Recess Controversy Plays On

Recess Controversy Plays On

Superintendent’s recommendations met with the skepticism from School Board, parents.

School Board members and parents clashed last week with Superintendent Robert Smith over his proposal to provide elementary school students with a minimum of 95 minutes of recess each week, calling for a greater amount of unstructured play time for young children.

FOR WEEKS now concerned parents have lobbied the Superintendent to mandate a minimum of 30 minutes for recess at all elementary schools, which currently set their own policies on how long students spend outside.

Arlington parents have argued that longer recess periods will boost academic achievement, help students develop crucial social skills and provide them with more exercise.

Smith contends that extending the daily recess time beyond 20 minutes is not feasible because it would push schools below the state-mandated threshold for teaching hours.

"The state says we have to provide 990 [instructional] hours per year," Smith said during the May 18 School Board meeting. "How much can you provide while still meeting the state requirements."

The only way to add minutes to recess, besides extending the school day, is to shorten the lunch period, which is usually 25 minutes, Smith said. "Unless they have some creative accounting of instructional time, I'm not sure what else they can do," he added.

Several School Board members criticized the proposal as inadequate, and said that longer breaks would increase student productivity and awareness. The School Board is altering the recess rules as part of an overhaul of its student health and wellness policy.

School Board Vice Chair Mary Hynes said schools should supply students with up to two hours of recess every week, sentiments echoed by board member Ed Fendley.

PARENTS ATTENDING the School Board meeting were adamant in their belief that 15 to 20 minutes of free time on the playground was not a long enough break for children under the age of 10.

The benefits of additional recess are numerous, Diane Schwartz and other parents argued: It helps prevent childhood obesity, makes them more focused when they return to the classroom and teaches them important lessons such as cooperation and conflict-resolution.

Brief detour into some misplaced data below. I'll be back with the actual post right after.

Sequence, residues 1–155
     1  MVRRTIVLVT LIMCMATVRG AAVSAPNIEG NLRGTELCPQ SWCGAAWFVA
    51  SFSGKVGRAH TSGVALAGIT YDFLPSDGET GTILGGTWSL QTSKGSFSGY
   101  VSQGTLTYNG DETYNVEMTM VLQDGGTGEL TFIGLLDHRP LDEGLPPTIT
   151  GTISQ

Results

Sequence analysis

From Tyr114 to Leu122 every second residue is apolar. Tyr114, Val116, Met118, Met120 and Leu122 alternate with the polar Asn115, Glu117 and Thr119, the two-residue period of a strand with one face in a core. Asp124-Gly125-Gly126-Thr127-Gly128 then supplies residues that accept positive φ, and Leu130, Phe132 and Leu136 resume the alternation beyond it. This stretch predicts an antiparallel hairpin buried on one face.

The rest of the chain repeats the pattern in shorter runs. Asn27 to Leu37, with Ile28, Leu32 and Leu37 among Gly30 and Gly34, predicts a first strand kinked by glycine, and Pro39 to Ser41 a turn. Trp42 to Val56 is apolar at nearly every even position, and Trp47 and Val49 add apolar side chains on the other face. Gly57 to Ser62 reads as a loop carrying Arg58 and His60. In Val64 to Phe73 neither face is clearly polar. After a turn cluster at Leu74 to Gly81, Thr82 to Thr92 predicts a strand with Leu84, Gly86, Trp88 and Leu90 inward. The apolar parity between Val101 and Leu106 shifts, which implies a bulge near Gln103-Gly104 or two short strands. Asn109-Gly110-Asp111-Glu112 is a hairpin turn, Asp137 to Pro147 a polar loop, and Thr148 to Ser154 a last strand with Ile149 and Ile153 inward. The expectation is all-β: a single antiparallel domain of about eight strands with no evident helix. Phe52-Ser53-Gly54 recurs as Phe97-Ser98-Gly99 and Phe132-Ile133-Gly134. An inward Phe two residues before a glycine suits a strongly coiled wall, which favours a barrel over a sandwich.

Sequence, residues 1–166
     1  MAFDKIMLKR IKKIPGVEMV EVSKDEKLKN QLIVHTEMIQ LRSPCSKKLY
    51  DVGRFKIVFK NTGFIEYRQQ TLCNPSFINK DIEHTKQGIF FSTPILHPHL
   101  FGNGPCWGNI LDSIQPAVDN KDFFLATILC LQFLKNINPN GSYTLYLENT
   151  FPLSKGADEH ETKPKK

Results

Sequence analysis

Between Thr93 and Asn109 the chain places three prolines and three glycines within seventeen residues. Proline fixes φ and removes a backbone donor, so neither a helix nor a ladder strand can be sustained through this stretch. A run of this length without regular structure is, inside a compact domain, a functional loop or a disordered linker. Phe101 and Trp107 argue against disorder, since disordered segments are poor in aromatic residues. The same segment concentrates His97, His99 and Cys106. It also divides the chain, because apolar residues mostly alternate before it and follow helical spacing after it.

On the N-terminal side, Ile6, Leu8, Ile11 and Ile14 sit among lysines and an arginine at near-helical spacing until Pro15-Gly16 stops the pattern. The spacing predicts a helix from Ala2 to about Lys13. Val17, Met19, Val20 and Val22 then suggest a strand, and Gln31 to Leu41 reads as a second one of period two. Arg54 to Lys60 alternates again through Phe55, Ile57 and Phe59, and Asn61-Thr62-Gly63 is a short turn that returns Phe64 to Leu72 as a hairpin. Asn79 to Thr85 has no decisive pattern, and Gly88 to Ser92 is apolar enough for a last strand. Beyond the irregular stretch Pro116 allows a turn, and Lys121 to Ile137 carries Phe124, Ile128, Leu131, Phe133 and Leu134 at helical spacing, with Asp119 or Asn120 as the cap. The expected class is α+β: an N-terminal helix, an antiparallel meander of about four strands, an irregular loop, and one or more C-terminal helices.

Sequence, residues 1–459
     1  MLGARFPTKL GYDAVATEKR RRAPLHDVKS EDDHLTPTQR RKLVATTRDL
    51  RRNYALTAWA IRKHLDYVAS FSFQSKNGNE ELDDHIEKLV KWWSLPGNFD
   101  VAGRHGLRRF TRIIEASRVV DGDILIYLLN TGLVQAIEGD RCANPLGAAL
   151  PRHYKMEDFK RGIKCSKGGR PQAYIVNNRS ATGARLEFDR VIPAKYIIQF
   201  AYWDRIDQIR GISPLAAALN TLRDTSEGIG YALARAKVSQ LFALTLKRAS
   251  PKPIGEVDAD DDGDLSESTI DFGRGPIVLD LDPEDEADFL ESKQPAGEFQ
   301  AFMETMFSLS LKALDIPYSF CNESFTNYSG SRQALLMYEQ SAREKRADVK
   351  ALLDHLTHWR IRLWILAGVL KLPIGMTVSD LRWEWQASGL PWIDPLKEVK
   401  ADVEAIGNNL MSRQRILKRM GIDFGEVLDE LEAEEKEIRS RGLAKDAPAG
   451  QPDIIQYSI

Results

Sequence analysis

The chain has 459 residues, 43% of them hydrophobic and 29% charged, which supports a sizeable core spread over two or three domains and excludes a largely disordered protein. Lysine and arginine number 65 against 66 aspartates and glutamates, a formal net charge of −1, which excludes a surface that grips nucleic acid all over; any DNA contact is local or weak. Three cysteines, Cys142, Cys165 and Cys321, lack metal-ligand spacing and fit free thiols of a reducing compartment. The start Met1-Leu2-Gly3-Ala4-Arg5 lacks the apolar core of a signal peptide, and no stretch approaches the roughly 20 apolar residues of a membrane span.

"Our schools need to take the lead in demonstrating to children and their families the value of active, free play and its link to learning readiness, lifelong wellness and social behavior," said Schwartz, an Ashlawn Elementary School parent.

Anne Bridgman told the board that the amount of time children actually spend playing outside is much less than the guidelines, because it takes "precious minutes" for young students to put away books, don coats and line up. Therefore, if the board wants children to have 20 minutes of unstructured free time, they need to set a higher cap, she added.

"When we look back on this episode of Arlington school system history, I don't think we will be proud if we nickel and dime our young children on recess," Bridgman said.

There is currently a large disparity between how much recess time Arlington kindergartens allow, a recent survey by the County Council of PTAs found. At the 16 schools who participated in the survey, Kindergartners received 15 to 20 minutes of recess at five schools, 25 to 30 minutes at four schools and between 35 minutes and an hour at seven schools.

John Charles, a parent of a first-grader at Ashlawn, said his son struggled with the transition to Kindergarten because of the lack of breaks.

Both Hynes and Fendley said they would like to see Kindergartners have between 120 and 150 minutes of recess each week to foster greater social and physical development.

"We have schools that are doing this right now in Arlington, and its my belief that we should provide that for all of our kids," Fendley said.